I read with great sadness and indignation the interview with Sarah Sentilles, particularly her indictment of Teach for America [“Training Days,” Books, August/September]. Her complaint is that folks who enter Teach for America are simply there to pad their résumés, then move on to what they really want to do.
I am also troubled by her characterization that Teach for America recruits young adults from wealthy white families who have, in her words, “no awareness of their privilege.” She would be wise not to generalize her experience to that of the thousands of other teachers who have served (or are serving) in Teach for America—especially because the diversity of Teach for America teachers is the envy of any professional recruiter (approximately one-third minority, more than half women, and all high achievers).
I lead a school in our nation’s third-poorest county, and more than one-fourth of the faculty are alumni of Teach for America who have made a long-term commitment to education. Students in these teachers’ classrooms have closed the achievement gap, are on track for college success, and consistently outachieve their peers in more affluent communities. These teachers are exceptional at relating to our youth and are embraced by the families we serve. I must admit, however, that my description of Teach for America alumni suffers from the same weakness as Ms. Sentilles’: It is anecdotal in nature. It is, of course, my belief that anecdotes such as mine are part of an overall pattern of Teach for America’s positive impact.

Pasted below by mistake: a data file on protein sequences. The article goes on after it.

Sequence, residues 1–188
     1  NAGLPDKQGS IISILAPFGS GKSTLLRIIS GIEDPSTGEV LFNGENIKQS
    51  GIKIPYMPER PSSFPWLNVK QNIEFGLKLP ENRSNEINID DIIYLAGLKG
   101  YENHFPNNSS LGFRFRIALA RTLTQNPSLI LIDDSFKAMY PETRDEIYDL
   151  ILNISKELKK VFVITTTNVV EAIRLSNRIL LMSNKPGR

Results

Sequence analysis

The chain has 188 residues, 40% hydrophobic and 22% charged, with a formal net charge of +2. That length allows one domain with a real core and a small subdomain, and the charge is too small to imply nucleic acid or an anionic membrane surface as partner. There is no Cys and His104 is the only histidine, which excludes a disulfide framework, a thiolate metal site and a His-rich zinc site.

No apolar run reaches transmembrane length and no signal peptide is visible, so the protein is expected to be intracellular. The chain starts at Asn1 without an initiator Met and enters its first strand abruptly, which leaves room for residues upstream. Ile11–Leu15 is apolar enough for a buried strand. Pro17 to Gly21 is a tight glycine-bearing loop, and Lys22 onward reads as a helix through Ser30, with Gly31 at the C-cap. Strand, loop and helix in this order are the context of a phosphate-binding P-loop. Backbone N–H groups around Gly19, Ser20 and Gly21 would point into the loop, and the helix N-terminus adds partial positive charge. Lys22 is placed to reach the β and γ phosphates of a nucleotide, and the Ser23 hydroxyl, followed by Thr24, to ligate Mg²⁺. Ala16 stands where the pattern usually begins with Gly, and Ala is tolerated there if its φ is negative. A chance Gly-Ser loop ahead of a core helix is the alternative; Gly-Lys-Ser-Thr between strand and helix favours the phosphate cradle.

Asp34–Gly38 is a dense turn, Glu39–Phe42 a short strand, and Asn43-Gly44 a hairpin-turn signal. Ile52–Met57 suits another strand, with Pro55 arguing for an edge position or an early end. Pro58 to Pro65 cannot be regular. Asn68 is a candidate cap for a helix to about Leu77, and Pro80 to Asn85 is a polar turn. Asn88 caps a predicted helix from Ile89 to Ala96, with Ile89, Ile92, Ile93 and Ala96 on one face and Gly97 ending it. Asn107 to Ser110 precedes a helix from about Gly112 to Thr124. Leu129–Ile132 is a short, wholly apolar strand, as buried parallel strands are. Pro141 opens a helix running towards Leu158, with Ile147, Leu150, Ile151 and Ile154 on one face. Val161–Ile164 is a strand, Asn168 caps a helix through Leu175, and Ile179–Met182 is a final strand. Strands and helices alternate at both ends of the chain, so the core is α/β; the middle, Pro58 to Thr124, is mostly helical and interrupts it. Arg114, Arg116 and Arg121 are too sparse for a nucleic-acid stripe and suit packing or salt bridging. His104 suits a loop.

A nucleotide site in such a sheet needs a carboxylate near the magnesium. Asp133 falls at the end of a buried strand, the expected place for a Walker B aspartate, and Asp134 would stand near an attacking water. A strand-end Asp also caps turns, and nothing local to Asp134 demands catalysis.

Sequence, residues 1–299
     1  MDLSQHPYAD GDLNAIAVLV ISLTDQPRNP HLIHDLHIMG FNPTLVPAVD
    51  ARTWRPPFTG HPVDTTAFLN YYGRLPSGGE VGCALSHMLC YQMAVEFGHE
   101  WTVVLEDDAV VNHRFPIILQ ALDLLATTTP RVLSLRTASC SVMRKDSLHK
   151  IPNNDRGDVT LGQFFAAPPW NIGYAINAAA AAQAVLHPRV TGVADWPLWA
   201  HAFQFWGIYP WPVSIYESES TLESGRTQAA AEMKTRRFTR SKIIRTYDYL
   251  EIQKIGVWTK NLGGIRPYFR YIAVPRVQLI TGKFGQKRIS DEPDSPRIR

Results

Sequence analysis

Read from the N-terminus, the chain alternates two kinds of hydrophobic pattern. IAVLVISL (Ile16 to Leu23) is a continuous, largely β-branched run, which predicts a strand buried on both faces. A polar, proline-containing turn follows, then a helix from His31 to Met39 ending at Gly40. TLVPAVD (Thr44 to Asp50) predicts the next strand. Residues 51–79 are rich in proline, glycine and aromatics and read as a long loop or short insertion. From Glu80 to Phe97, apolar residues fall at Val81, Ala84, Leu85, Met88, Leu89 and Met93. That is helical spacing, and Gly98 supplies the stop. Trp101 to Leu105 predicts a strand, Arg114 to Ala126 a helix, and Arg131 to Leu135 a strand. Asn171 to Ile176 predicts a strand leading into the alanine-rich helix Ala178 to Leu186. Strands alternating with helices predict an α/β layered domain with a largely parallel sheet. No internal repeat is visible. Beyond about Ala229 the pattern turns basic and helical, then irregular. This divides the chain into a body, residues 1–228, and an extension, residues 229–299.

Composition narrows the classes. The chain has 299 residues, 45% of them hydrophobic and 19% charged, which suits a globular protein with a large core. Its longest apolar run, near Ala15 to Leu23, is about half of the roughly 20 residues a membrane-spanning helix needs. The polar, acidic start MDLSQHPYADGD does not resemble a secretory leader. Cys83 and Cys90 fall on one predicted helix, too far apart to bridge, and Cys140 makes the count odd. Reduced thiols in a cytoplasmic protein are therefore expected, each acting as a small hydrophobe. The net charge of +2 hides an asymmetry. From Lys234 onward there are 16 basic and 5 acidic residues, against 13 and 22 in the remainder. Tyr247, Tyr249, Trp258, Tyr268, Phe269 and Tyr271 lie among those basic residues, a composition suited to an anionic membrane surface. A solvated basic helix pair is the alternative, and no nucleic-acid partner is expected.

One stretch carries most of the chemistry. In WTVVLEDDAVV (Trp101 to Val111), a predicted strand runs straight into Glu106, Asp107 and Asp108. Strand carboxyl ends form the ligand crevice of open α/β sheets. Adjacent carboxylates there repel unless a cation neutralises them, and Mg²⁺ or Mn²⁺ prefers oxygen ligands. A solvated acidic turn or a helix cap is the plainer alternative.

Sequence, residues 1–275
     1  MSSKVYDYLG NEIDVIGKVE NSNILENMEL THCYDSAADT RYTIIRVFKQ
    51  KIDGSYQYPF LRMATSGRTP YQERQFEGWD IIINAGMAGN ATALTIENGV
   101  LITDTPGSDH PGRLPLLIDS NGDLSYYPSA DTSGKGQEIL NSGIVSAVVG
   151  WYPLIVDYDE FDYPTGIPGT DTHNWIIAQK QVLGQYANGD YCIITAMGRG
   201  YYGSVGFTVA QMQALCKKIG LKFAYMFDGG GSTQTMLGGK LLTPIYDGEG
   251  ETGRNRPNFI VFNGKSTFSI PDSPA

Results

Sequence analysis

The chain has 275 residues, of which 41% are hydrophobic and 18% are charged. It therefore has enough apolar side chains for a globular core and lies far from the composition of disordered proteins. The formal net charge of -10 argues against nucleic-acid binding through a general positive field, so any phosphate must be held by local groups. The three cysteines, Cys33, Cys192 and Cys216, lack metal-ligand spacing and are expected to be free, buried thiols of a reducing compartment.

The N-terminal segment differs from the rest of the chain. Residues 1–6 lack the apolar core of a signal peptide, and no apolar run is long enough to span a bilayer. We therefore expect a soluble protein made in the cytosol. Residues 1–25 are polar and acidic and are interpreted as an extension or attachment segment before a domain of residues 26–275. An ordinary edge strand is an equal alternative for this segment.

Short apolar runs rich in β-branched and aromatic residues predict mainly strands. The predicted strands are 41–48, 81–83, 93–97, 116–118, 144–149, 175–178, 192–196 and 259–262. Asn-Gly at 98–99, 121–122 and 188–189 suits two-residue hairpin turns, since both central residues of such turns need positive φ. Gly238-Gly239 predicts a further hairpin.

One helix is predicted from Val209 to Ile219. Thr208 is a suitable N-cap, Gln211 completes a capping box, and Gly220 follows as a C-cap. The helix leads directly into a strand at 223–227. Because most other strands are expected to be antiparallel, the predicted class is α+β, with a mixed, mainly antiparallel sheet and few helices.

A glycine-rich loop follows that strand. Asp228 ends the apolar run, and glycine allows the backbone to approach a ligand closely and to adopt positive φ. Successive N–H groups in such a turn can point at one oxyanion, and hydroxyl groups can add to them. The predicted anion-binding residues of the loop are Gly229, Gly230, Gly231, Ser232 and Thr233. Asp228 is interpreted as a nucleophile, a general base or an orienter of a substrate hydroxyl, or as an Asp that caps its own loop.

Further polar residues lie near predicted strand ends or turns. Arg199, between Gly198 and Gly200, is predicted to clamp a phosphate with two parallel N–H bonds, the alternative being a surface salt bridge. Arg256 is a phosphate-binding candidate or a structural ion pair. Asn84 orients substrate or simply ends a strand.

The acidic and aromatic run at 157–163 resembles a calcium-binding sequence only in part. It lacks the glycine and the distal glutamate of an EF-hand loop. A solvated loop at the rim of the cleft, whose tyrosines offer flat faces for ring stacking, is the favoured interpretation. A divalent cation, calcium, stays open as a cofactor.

As for her complaint that there are better ways to prepare teachers and that there must be a better long-term solution to the teacher shortage—she’s correct. When colleges of education turn out a consistently well-prepared, intellectually vibrant, and highly effective surplus of teachers, I will be the first to call for the dismantling of Teach for America and will toast its obsolescence with much satisfaction. But until that day, we should applaud the continued efforts and successes of this important movement whose mission is to ensure that all students in this nation attain an excellent education.
Founder and Head of Schools
IDEA Public Schools
A version of this article appeared in the November 01, 2005 edition of Teacher as Diverse Experience